as you may have caught last week, kleiner announced a new program around supporting design as a craft. we all worked really hard to put this together and are grateful for the support from our founders and former colleagues to make this happen. and, we were lucky to get some great coverage for it too. in a nutshell, as we learned from our engineering fellows program, we wanted to devise an infrastructure where we could help emerging designers get great, hands-on experience and match them with designers who are already practicing in their field. the result is the creation of a design fellows program, which designers can apply to, and a design council, which will help mentor the next generation of great interface creators.
i also wanted to share, from an engineer’s perspective, just how critical design is which I fully appreciated during our development of webOS. everyone knows it takes great engineers and designers to create great products. twenty years ago, engineers had to create all UI, as not many others knew how to build in MFC. ten years ago, designers were doing production work, but interaction design was really nonexistent. fast-forward to today, and a design team is focused on human interaction, including user research, visual design, and interaction design. a few years ago when i was at palm, the webOS design team worked with the development team through a process to ship v1.0 and 11 post-releases (shout out to matias duarte). as we were leading these discussions, we fielded ideas from both designers and engineers, but at the end of the day, designers won the vote (pending the ability for engineering to execute, of course).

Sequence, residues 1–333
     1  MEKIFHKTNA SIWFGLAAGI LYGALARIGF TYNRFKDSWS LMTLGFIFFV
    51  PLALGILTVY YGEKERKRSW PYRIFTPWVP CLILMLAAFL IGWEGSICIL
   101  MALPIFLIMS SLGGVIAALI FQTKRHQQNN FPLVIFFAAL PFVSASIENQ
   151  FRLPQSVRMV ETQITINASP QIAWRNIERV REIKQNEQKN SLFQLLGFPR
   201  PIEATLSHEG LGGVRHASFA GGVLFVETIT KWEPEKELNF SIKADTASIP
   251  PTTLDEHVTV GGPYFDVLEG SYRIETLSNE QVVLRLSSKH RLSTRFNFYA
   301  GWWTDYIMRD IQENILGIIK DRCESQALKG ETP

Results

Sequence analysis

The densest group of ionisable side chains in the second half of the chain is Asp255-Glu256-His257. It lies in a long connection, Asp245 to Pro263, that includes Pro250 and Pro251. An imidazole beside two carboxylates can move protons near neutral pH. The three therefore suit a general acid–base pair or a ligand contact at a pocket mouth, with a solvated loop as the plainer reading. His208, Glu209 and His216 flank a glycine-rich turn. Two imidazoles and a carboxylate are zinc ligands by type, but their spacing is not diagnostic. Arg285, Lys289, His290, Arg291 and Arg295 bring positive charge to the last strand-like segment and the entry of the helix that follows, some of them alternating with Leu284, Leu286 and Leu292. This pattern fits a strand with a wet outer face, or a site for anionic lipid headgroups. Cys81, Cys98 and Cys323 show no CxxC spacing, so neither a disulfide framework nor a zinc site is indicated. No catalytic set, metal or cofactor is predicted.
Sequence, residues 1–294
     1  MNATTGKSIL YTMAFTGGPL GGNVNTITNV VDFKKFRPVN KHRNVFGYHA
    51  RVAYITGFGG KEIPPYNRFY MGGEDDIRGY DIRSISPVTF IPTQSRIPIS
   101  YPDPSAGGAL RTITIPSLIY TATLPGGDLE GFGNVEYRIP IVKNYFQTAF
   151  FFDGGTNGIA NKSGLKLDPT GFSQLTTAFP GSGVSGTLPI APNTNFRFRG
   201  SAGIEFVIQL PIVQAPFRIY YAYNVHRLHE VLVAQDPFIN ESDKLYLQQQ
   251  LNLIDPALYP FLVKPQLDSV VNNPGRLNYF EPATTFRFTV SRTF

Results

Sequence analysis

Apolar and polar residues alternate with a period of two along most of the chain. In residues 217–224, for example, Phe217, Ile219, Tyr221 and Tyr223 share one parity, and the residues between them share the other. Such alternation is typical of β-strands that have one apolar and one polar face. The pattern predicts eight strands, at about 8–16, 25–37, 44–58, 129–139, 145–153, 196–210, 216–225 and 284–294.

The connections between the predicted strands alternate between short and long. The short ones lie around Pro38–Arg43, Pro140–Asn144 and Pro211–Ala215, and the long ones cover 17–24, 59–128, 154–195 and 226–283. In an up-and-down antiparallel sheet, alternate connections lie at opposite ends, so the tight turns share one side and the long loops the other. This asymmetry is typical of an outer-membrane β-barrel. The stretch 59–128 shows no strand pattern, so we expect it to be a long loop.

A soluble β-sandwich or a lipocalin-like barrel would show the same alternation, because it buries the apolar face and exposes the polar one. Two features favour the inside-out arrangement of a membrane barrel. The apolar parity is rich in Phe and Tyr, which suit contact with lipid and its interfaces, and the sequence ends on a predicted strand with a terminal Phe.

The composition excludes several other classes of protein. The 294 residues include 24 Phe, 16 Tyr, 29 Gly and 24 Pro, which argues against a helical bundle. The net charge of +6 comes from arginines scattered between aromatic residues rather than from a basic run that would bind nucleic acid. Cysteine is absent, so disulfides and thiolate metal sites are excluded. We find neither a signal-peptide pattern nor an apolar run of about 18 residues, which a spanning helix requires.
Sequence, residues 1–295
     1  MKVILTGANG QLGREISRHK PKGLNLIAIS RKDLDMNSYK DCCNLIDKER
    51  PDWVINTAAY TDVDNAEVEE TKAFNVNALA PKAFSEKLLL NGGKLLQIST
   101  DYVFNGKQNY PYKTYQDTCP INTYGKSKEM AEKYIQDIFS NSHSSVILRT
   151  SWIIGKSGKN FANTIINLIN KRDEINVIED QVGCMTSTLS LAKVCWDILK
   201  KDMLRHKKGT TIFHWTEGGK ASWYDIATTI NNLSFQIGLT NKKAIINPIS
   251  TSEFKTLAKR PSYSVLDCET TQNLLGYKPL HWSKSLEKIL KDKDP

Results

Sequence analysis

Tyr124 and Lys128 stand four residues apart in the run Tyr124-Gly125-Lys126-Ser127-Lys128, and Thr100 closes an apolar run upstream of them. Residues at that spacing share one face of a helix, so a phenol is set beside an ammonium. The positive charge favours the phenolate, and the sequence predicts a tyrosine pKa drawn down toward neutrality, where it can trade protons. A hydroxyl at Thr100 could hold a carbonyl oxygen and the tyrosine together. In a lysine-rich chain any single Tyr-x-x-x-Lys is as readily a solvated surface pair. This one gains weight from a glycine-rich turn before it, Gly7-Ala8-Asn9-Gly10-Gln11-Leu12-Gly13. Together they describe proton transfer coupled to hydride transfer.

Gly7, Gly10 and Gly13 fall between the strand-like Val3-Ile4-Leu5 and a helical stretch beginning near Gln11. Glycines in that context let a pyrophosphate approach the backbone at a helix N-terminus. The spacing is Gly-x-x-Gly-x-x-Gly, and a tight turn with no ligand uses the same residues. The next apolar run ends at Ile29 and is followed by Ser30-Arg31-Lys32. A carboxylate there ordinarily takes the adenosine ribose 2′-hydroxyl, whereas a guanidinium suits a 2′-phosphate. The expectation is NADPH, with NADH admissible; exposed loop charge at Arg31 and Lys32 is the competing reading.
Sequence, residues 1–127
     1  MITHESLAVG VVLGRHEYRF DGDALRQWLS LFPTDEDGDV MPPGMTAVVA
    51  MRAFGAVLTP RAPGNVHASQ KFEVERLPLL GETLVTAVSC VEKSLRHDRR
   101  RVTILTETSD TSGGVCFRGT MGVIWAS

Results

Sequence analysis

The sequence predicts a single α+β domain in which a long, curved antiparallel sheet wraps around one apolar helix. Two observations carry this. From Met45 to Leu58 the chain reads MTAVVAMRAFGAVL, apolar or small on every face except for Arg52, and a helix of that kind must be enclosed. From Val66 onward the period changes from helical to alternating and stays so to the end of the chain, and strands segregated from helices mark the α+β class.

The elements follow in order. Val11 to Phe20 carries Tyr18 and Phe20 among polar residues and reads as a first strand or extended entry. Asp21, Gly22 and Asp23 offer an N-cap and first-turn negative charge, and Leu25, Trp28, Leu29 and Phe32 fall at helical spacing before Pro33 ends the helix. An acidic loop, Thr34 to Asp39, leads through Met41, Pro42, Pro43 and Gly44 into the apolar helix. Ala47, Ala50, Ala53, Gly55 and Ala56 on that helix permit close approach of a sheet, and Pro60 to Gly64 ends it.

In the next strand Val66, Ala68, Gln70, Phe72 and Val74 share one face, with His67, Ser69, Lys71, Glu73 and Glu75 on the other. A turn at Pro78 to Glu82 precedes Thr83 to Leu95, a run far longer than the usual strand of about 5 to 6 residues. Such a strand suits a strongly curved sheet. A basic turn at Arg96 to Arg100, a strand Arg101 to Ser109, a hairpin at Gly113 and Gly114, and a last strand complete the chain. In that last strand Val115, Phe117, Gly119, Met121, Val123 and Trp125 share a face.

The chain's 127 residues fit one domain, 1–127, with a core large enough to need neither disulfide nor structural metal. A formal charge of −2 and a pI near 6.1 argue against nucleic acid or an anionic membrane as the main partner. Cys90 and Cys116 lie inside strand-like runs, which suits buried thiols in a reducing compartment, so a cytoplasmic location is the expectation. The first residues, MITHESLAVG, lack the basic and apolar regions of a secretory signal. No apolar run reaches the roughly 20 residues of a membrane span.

but as products get more complicated and have more usage, product managers emerge to handle product management, communication, and advocate for the customer. the problem here is that having too many PMs in the kitchen fighting over turf, credit, and features, the engineering team can get thrown in all sorts of directions. it’s not that different from politics, in some cases! and in the case of engineers, they oftentimes are called on to build *and* maintain, the latter which is often greatly underestimated and can be a thankless job in and of itself. more on this topic in a later post.
i’m not an expert in organizational structures, so i’m only speaking here from first-hand experience from company building, intuition, and gut. for each product or company, there’s an optimal number/ratio of engineers, designers, and PMs…all play a crucial role. at kleiner, and looking ahead to how these structures evolve, especially as phones and tablets become customers’ primary computing devices, the importance of design will — we believe — only grow. this is not to say that engineering or product management will recede, but rather to acknowledge that building strong, deep capabilities and networks in this artful skill will be a great benefit to everyone in the kleiner family.
the next evolution of the designer/engineer founding team may be the addition of a domain expert which would culminate in cross-disciplinary innovation – but lets discuss that in a future post.